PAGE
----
During the pandemic it became clear that organizations needed to step up efforts to educate employees on best practices for security hygiene. In particular, enterprises found that they needed to educate employees on the security risks of using unsecure consumer-grade messaging apps like WhatsApp for collaboration and the importance of using only corporate sanctioned, end-to-end encrypted collaboration tools for digital business interactions.
Use of unsecure messaging and conferencing apps left many organizations open to significant security and compliance risks. A Messaging At Work Report found that usage of non-regulated consumer messaging apps is common in the workplace with 50% of respondents indicating they use these apps for mobile work communications. The report also found that employees are using these consumer-grade messaging apps to share a range of potentially sensitive business information with 29% of respondents indicating they share documents and 25% saying they share contacts including personal details like phone numbers.
Key takeaway: Enterprises need solutions that ensure employees can communicate and collaborate productively without compromising data security. This is where a company-authorized, secure mobile messaging platform like NetSfere can help. NetSfere not only features similar functionality to popular consumer-grade collaboration platforms including messaging, voice and video calling, group communications, and encryption but incorporates capabilities focused on business needs, such as guest access, remote wipe, archiving, collaboration, and centralized administration. NetSfere brings together the ultimate combination of collaboration, productivity, security and compliance that is unmatched when compared to third-party consumer messaging services.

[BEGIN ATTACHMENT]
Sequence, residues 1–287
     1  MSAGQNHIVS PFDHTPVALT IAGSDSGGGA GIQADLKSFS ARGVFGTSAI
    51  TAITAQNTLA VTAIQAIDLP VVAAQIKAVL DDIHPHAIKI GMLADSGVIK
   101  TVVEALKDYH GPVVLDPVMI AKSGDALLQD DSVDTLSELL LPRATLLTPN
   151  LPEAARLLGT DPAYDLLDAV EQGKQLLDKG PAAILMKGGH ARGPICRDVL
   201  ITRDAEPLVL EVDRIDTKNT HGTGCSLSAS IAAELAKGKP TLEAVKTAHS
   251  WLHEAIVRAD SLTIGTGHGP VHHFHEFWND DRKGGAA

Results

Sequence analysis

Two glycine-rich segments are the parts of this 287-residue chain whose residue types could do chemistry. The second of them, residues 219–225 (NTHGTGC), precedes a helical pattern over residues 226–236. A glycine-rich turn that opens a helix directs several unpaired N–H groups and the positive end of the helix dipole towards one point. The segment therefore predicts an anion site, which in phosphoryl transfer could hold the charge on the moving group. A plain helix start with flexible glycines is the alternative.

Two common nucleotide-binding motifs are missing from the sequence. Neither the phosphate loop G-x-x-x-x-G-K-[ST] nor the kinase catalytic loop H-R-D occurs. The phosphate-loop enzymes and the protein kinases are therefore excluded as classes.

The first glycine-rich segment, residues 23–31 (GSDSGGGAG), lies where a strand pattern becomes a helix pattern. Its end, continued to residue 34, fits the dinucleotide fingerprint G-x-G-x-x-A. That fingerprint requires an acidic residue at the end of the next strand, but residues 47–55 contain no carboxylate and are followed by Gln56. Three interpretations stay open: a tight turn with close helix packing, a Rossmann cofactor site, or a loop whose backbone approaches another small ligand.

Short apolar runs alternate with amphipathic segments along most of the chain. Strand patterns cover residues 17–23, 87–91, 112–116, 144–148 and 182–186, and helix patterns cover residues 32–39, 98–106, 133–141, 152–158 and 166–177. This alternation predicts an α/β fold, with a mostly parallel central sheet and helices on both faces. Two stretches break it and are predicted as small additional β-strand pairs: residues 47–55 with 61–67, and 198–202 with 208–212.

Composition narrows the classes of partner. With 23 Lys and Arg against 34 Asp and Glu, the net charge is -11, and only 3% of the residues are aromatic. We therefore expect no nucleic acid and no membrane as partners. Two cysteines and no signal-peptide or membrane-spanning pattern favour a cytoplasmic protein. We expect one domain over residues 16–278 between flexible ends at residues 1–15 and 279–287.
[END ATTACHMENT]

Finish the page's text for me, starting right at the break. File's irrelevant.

These lessons learned call for strong security postures that build enterprise cyber resiliency – they call for a solution like NetSfere.
Contact us today to apply these lessons learned to secure enterprise communication and collaboration.